For the last six months, the lives of voters in District 3 – from the Delaware River to the Atlantic Ocean – have been beset with the heavyweight battle of Harvard alum and U.S. Rep. John Adler, who rode Pres. Barack Obama’s popularity to victory two years ago, and former N.F.L. right tackle and GOP tenderfoot Jon Runyan, who’s riding Gov. Chris Christie’s popularity this year.
In 2008, Obama carried the district by 5 points (52-47), but last year Christie dominated the ballot boxes in District 3 by a 17 point margin (56-39).
Christie, now oozing popularity, took 45 of the 52 towns in Adler’s district last year, defeating Jon Corzine by 35,000 votes.
District 3 includes Cinnaminson, Delran, Evesham, Moorestown, Mount Holly, Mount Laurel, Pemberton, and Westampton in Burlington County; Cherry Hill in Camden County; and Barnegat, Beach Haven, Lacey Township, Long Beach, Ocean Township, Seaside Heights, and Toms River in Ocean County.
Primed for a run at Adler, state Sen. Diane Allen (R-Edgewater Park) announced she had cancer last year, which prompted the South Jersey Republicans to look down their bench.
They couldn’t look past Runyan, a former Pro Bowl football player brought to the political arena by Assemblywoman Dawn Addiego (R-Evesham). Their children attend school together.
At the behest of party leaders like Ocean County’s George Gilmore, the GOP avoided the nasty primary battle that hamstrung them two years prior, and Runyan emerged as the tallest candidate for office in New Jersey.
One contender who disappeared, Maurice “Mo” Hill, a retired U.S. Navy Rear Admiral from Toms River, was recently appointed to the South Jersey Transportation Authority by Christie.
Born in working class Flint, MI, Runyan had no prior experience in government, which he holds as one of his ideals running against what he has throughout the race called a “career politician” like Adler, who rose from a single-parent household to put himself through Harvard twice.
Adler spent 17 years in the New Jersey Senate before succeeding 24-year Republican Congressman Jim Saxton in 2008. Saxton retired and Adler defeated Medford Mayor Christopher Myers by a 52-48 margin.
For months, the mailboxes, televisions, radios, newspapers, and water coolers in District 3 have been monopolized by the only dead heat of New Jersey’s congressional races.
Voters have also been bombarded with non-issue issues – like Team Runyan’s donkey farm, which addresses tax loopholes, and Team Adler’s third-party plant, which addresses election integrity.
As far as the candidacy of third party interloper Peter DeStefano, whom the Tea Party threw overboard, he could potentially influence voters to vote either way.
Runyan was leading Adler, 37-40, within the margin of error in a Richard Stockton College/Zogby poll this month of likely voters in the district.
The poll showed DeStefano receiving 4.9 percent of the vote and called the race “too close to call.”
A September poll showed Adler leading Runyan, 38-30, with DeStefano taking in 7.6 percent.
“Although Tea Party-candidate DeStefano support is dropping, nearly 5 percent in a close race could be important to the outcome of this close election,” according to Sharon Schulman, executive director of the Hughes Center for Public Policy at Stockton College.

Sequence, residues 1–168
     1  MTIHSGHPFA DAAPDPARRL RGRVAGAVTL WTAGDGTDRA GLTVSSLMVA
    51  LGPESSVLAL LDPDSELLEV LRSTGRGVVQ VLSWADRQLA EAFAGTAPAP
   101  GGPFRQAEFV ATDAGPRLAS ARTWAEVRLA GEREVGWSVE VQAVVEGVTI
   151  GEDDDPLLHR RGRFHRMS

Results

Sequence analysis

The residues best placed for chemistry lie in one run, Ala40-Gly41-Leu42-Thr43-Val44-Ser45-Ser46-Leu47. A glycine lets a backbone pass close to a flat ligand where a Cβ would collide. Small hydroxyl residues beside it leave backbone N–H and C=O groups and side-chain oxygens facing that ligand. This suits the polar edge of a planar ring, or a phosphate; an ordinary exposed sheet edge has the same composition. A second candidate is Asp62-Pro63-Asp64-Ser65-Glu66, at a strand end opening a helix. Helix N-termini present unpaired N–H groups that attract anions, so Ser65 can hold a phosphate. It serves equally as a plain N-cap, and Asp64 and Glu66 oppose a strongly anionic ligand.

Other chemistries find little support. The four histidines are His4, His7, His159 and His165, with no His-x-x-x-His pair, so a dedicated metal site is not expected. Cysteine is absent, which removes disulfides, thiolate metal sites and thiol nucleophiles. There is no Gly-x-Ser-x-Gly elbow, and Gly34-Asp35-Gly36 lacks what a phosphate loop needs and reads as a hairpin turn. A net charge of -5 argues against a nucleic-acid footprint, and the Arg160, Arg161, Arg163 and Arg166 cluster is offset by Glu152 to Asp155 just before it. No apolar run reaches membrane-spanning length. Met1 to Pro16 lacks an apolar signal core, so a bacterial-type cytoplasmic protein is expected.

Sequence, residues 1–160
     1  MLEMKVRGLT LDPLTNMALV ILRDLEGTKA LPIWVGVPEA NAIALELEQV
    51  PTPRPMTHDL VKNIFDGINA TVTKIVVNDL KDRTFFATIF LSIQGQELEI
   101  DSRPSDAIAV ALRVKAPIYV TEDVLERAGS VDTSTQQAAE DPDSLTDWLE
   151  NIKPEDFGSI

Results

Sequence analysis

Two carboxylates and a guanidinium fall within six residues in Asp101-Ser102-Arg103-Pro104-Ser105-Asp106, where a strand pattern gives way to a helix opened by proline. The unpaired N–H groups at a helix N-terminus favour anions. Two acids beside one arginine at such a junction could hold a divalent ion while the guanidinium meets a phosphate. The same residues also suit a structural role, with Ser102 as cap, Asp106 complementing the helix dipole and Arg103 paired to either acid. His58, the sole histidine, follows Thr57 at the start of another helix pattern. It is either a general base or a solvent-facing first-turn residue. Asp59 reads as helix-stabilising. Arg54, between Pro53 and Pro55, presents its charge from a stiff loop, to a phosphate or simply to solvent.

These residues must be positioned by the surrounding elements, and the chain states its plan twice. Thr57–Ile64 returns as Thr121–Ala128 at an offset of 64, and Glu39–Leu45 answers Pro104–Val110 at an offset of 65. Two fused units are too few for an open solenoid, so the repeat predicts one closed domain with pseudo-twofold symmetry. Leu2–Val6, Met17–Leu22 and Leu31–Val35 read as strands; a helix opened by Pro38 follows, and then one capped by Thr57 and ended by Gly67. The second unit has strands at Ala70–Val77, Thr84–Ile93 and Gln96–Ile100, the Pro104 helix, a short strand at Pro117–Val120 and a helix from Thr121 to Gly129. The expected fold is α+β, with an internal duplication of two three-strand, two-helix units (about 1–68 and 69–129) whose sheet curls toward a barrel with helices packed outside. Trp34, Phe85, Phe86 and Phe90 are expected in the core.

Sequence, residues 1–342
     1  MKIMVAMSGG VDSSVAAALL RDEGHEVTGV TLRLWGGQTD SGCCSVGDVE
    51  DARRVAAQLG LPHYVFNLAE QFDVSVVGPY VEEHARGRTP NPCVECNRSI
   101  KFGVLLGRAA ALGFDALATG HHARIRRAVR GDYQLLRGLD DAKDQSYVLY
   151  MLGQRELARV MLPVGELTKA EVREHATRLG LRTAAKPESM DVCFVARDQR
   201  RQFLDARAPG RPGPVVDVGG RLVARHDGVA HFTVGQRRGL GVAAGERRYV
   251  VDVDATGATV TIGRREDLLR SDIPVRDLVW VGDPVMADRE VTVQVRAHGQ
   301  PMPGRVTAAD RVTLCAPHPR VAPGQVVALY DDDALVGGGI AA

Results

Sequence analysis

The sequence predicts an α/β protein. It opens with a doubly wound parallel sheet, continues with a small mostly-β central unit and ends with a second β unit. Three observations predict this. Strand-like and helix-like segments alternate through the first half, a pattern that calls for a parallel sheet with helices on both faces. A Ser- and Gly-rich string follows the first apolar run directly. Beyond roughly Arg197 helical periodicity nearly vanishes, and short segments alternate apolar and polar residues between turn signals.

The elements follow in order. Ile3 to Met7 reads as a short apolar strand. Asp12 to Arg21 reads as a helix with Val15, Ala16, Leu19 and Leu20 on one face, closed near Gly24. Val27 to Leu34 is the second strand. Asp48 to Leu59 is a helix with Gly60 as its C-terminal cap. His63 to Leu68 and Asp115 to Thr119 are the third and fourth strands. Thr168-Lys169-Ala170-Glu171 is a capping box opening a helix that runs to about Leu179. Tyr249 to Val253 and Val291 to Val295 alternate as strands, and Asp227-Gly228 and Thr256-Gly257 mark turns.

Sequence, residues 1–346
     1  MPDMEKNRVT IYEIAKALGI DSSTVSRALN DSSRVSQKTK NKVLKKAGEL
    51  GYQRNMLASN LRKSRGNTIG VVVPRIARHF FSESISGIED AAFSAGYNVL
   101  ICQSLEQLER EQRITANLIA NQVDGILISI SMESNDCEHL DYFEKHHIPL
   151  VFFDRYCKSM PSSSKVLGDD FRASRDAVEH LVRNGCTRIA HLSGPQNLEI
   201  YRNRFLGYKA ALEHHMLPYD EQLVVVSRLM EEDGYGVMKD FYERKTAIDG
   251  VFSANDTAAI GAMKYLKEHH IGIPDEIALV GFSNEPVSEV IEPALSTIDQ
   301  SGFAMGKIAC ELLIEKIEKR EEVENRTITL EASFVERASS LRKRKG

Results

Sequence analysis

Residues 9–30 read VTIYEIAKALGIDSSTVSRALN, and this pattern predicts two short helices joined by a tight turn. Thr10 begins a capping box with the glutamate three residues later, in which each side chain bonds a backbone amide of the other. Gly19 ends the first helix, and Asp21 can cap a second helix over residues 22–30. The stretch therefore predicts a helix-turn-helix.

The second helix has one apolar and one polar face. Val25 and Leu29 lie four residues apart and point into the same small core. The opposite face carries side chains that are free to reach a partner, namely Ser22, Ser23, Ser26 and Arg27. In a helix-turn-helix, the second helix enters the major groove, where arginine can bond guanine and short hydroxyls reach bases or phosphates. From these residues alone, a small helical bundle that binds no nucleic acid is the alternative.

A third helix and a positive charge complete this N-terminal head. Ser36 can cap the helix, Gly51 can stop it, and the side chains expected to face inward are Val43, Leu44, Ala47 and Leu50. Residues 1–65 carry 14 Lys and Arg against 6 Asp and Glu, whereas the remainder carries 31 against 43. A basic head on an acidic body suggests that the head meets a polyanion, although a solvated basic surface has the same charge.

One segment of voters may have been turned off by the backroom dealing that put DeStefano in the race, taking votes out of Adler’s column by either staying home or, worse yet, pulling Runyan’s lever.
Another faction of voters who don’t know DeStefano isn’t Tea Party-approved may check his box unwittingly, drawing votes away from Runyan – the intended consequence of Adler’s advisors and staffers who reportedly put DeStefano in the race.
Even with widespread reports of the Democratic plant, Runyan said recently his campaign is still concerned about vote siphoning from the faux-conservative.
In the fundraising department, Adler amassed a 4-1 advantage over Runyan in cash-on-hand, raising over $3 million and holding more than $1.6 million cash-on-hand, according to reports earlier this month. Runyan held over $400,000.
This year Adler broke rank with the Democrats in the House over several key issues, like the health care reform bill, that pundits said moved him into a more moderate position that would help him in the election.
But still he accumulated a 90 percent vote count with his party, leading Runyan to use the GOP’s national mantra of attacking Speaker of the House Nancy Pelosi to drag Adler down.
“He voted with Nancy Pelosi 90 percent of the time,” Runyan said at a debate, “and yet he calls himself an independent centrist. We have to change this and put citizen legislators back in office. The people with all the experience got us where we’re at, and I don’t think we’re doing very well.”
In response, Adler brought up the farmland tax break that Runyan banked. “The truth is Jon Runyan placed four donkeys on his massive property to save $20,000 a year in taxes and then missed paying his taxes 33 times,” the Adler campaign told PolitickerNJ.
Their campaign battles included offshore drilling (Runyan for, Adler against), eliminating the Bush tax cuts (Adler for, Runyan against), and the healthcare bill (Adler against, Runyan against), more for the fact that Runyan said he hadn’t read it.
Hissed by the crowd, Adler almost completely dodged DeStefano plant questions at one debate, and then elicited a telling answer at another when he asked Runyan which Supreme Court decision in the last 15 years he disagreed with.
“Dred Scott,” Runyan replied, referring to the pre-Civil War slavery case.
Adler enjoyed support from the New Jersey State PBA and bankroll from the National Association of Realtors, while Runyan got endorsements from Christie and the Courier-Post, and contributions from the National Republican Congressional Committee.